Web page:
In the Central African Republic, Moscow has sent planeloads of arms to the country, alongside five armed forces personnel and more than 200 private military contractors to train hundreds of elite troops. That have unnerved France, CAR’s former colonial ruler and traditionally its most prominent foreign ally.
In Zimbabwe, in 2014 an arms-for-platinum deal with Russia worth a reported $3bn was concluded bypassing both a European arms embargo and its lack of hard currency to swap rights to the Darwendale platinum concession.
The list of Russian commercial engagements with Africa is long. Russian aluminium group Rusal mines bauxite in Guinea. Alrosa, the Russian diamond miner planning to enter Zimbabwe, already has assets in Angola and Botswana.
Rosatom, the Russian nuclear company, is working in Zambia and Rwanda. Russian geologists are active in Madagascar, Algeria, Libya and Ghana.
Rosneft, Russia’s largest oil company, is developing oil and gas-fields in Egypt, Mozambique and Algeria, and rival Lukoil has projects in Nigeria, Ghana and Cameroon.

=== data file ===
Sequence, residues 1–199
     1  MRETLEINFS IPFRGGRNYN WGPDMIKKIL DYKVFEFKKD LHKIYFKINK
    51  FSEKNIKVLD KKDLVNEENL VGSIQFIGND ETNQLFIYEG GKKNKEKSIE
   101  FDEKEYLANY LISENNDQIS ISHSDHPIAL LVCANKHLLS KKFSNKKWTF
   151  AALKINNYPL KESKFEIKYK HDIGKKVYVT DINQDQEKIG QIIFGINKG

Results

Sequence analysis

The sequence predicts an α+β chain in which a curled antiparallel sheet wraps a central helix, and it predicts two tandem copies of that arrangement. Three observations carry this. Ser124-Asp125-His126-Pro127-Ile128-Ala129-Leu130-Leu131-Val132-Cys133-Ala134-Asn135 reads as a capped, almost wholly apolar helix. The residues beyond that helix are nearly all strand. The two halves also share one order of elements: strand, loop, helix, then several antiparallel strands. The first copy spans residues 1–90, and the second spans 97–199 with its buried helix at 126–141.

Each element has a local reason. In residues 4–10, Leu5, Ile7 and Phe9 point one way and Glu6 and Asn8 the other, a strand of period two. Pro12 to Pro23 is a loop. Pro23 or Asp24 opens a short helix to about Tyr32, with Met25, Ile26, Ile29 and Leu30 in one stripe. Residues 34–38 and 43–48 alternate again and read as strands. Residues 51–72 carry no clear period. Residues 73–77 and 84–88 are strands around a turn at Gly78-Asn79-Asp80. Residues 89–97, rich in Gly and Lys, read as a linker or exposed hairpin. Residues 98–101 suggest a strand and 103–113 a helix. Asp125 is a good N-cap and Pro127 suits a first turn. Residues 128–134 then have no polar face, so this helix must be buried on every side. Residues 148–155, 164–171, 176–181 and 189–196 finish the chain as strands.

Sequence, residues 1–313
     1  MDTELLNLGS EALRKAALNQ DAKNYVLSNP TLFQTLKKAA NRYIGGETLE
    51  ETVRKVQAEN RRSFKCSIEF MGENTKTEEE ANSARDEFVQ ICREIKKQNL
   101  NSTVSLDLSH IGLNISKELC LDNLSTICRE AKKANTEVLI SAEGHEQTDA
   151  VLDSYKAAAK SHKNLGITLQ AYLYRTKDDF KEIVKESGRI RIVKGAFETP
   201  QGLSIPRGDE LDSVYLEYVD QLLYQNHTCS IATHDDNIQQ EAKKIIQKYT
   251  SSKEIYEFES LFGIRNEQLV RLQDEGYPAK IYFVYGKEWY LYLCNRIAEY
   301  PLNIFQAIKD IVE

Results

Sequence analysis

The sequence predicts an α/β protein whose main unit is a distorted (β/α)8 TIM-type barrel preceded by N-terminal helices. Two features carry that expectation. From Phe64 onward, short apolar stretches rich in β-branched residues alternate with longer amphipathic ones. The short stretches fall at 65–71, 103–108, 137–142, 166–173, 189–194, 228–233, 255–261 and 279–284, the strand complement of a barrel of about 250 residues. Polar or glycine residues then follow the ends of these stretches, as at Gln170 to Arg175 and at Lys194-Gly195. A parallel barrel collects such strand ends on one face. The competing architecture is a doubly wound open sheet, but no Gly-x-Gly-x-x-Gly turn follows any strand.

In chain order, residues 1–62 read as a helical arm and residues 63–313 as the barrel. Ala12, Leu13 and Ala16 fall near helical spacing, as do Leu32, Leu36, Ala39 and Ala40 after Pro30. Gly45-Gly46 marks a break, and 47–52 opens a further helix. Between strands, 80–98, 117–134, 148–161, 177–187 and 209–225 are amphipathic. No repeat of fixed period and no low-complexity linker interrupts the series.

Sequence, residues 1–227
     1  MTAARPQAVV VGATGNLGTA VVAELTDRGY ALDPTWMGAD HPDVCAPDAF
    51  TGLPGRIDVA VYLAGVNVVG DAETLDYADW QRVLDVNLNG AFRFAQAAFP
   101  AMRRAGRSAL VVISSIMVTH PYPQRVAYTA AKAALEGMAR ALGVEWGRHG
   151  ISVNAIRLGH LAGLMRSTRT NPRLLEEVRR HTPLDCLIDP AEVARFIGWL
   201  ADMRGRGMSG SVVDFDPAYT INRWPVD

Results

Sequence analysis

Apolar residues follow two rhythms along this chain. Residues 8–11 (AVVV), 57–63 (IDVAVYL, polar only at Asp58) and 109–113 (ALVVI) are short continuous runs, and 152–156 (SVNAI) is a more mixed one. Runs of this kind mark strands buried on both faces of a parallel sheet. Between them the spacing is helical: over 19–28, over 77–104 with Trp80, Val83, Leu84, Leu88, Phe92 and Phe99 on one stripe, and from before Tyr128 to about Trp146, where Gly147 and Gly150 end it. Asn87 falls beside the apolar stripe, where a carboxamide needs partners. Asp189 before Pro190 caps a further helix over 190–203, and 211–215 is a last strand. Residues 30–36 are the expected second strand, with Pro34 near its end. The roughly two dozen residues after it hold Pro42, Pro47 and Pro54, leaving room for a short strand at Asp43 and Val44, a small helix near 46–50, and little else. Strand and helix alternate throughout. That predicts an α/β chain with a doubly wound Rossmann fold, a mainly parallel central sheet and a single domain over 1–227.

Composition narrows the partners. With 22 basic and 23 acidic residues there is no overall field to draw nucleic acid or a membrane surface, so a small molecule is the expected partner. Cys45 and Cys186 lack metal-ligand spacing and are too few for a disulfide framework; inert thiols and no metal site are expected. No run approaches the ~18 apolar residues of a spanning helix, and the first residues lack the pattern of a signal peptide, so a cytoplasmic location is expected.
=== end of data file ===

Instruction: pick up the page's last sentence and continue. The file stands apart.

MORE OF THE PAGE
As for politics in Africa, the Russians are presenting themselves as mediators, as honest brokers. They are repeating their successful Middle East strategy.
Following recent controversial elections in DRC with western countries calling for an investigation into the presidential elections early this year, Sergei Lavrov, the Russian foreign minister, said “We do not interfere with elections, The Congolese people can handle this on their own and it is important not to impose this or that agreement as is normally done by France, the US and other former colonial powers.”
The failure of the Zuma and Putin’s $70 billion 2015 nuclear deal
In South Africa, Russia has met strong resistance from elites leaning to Anglo-American countries for business. This has lead to the failure of the Zuma and Putin’s $70 billion nuclear deal with Rosatom that would have seen 9,600 megawatts of nuclear power added to South Africa’s grid.